It's the weekend, so I thought we'd continue the Car Talk (apologies NPR). Here are the last two comments on the GM quality thread. ChETHB had several interesting things to say about his GM driving experience and Kathy follows up with some thoroughly delightful prose on her own history with the brand. Beware "the Golden Bitch." And no, that doesn't refer to Kathy. You'll see.
Just had to weigh in on this one since I became an auto enthusiast in the mid-50's -- IMHO, the quality of GM vehicles was without equal during that time period.
I worked in a gas station summer of 1959 and had the opportunity to look very closely at many different cars - GM vehicles were the best.
I believe this trend continued until, perhaps, the late 60's, based on my experience. For example, my new 1968 Chevelle SS396 rattled like a bucket of bolts as I took delivery and drove it away from the dealer. Sadly, I traded in a 1963 Impala SS that had zero rattles at 95,000 miles and got in excess of 18 mpg on the highway. With a high performance engine, I still never got below 13 mpg in that 1963 Impala and that was with some impressive hotrodding. The 1968 Chevelle (hindered no doubt by EPA regulations) never exceeded 11 mpg and generally got 6-8 mpg in the city.
I was still firmly in GM's corner (although shaken) until the mid-70's when they began to introduce small cars that were shoddy junk. It was pretty much the same with the other members of the Big 3. After the oil crisis in 1973, Americans were clamoring for nice, smaller, fuel efficient vehicles. Detroit provided cheaply-made, small, junky vehicles - shoddy interiors, very few options, no luxury appointments, and so forth.
The Japanese, on the other hand, after having been soundly beaten down with their initial introductions to the US, went home, did their homework, and came back with small, fuel-efficient cars that had the luxury appointments that Americans wanted and expected. The rest is history. Detroit, and especially GM, continued producing the kinds of cars that Americans didn't want and in addition, allowed their quality to sag lower and lower.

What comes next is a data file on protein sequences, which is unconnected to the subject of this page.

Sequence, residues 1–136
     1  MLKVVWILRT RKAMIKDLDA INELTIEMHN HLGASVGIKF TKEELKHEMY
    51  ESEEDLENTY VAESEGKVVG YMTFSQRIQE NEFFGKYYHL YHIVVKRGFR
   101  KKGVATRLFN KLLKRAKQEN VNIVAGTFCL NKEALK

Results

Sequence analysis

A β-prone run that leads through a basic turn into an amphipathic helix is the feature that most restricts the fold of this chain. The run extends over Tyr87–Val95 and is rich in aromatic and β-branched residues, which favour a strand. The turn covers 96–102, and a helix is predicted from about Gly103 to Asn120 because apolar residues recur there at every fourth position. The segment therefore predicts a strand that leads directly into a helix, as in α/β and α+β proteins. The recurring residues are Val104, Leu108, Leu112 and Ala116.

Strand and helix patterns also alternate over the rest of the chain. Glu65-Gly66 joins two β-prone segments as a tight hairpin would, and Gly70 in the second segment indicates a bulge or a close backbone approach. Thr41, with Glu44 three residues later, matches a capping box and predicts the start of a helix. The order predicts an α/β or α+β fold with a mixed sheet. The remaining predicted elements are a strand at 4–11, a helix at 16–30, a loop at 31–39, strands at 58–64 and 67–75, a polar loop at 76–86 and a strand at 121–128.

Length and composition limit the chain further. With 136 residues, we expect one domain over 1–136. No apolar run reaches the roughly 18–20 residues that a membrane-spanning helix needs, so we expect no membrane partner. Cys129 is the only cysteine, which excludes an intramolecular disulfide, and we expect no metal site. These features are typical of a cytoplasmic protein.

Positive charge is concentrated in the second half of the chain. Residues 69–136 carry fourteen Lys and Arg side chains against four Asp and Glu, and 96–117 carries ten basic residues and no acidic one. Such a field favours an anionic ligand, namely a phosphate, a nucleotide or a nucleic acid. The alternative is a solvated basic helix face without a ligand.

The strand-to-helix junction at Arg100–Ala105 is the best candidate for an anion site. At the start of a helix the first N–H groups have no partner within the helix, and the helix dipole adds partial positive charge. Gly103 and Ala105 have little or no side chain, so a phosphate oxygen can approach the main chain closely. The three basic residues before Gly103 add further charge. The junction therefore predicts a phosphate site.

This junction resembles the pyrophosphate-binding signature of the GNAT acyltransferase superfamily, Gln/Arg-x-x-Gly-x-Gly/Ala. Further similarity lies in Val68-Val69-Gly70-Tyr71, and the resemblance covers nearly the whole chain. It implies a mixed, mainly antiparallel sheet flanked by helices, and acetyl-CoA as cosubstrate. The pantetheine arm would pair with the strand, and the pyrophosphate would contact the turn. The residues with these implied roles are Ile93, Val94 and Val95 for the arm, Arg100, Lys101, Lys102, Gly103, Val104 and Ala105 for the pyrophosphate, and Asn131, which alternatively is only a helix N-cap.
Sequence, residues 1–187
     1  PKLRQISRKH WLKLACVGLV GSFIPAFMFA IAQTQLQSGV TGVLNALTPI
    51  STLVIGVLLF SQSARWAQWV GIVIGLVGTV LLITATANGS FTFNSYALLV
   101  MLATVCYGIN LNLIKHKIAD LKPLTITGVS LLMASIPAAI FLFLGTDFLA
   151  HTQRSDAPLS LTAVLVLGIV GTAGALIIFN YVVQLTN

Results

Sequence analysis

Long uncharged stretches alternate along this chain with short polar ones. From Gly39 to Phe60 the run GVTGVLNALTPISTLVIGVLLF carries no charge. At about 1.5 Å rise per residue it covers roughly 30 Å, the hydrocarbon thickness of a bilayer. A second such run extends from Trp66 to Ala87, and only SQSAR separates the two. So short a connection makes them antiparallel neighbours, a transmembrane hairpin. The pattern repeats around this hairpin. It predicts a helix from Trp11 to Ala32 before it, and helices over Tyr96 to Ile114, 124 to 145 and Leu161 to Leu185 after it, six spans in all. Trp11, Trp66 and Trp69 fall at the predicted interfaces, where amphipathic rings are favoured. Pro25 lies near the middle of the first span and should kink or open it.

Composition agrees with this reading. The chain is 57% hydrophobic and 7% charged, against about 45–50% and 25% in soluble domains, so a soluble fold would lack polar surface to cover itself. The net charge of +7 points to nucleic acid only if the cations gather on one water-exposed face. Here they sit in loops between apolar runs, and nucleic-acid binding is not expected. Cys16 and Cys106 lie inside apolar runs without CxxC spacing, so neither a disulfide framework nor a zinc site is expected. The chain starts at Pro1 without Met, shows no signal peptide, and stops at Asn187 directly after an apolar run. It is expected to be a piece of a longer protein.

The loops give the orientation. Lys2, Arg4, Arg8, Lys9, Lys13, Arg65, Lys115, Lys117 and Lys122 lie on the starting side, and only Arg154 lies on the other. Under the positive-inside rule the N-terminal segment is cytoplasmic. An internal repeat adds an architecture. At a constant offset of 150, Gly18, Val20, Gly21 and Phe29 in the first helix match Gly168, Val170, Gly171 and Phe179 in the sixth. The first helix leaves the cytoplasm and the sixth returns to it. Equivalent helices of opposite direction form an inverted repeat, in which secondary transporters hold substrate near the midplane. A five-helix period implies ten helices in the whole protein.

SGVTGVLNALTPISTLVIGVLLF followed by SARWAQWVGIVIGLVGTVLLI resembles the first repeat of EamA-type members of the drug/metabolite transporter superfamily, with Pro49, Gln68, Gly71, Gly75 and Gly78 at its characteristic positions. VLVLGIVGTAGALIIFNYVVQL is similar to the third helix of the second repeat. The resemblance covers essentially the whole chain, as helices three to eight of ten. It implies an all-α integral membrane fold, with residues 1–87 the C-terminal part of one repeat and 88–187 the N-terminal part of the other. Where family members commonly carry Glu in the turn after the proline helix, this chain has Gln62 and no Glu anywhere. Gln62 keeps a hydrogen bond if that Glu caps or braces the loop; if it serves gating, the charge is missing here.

In summary, I think GM could have maintained their superior position had they simply responded to the market. Instead, they continued their view that they knew best what the customer wanted and consequently, their market share has continued to slide as the customer finds what he wants in the Japanese and European vehicles. The unfortunate part is that hundreds of thousands of Americans are directly or indirectly affected by the poor state of GM's business acumen.
I think all the different car names and models are an attempt to stuff one bad apple under the rug and replace it with something new, all the while hoping that the customer doesn't realize that it's the same thing with a different name. I generally agreee that the newer American cars have been significantly improved over their predecessors. I drive rental cars occasionally and have noticed that the current American offerings have seen considerable improvement. These are basically new cars so I have no impression about the reliability and maintenance requirements.
I can offer a final commment, however. When I get home from a business trip, it is always refreshing to crawl behind the wheel of my Acura and drive away. Unfortunately, I don't believe that GM currently builds a comparable vehicle.
Kathy Hutchins said...
"I believe this trend continued until, perhaps, the late 60's, based on my experience. For example, my new 1968 Chevelle SS396 rattled like a bucket of bolts as I took delivery and drove it away from the dealer."
This comports with my experience as well. My very first car was a 1967 Chevy Camaro, straight 6 230, purchased in 1974 (for $795.00 cash. Would that such things were possible today, eh?). It had none of the features American consumers would demand today -- no a/c, power steering, power brakes. It did have a radio. I drove it hard, and often stupidly, for six years, put something like 120K miles on it, turned around and sold it to a kid in Texas for $1200.
It was a great car, but unfortunately in 1967 you could no longer count on a GM product's quality from specimen to specimen. My younger sister's first car was also a 1967 Camaro, purchased in 1976, one of the souped up Super Sport models with a 350 V8, power everything. It was a piece of junk from start to finish -- electrics, hydraulics, finish work, seals -- the car was such a constant headache we called it "The Golden Bitch." I spent so much time giving that pile of manure jump starts I should have applied for a tow truck license.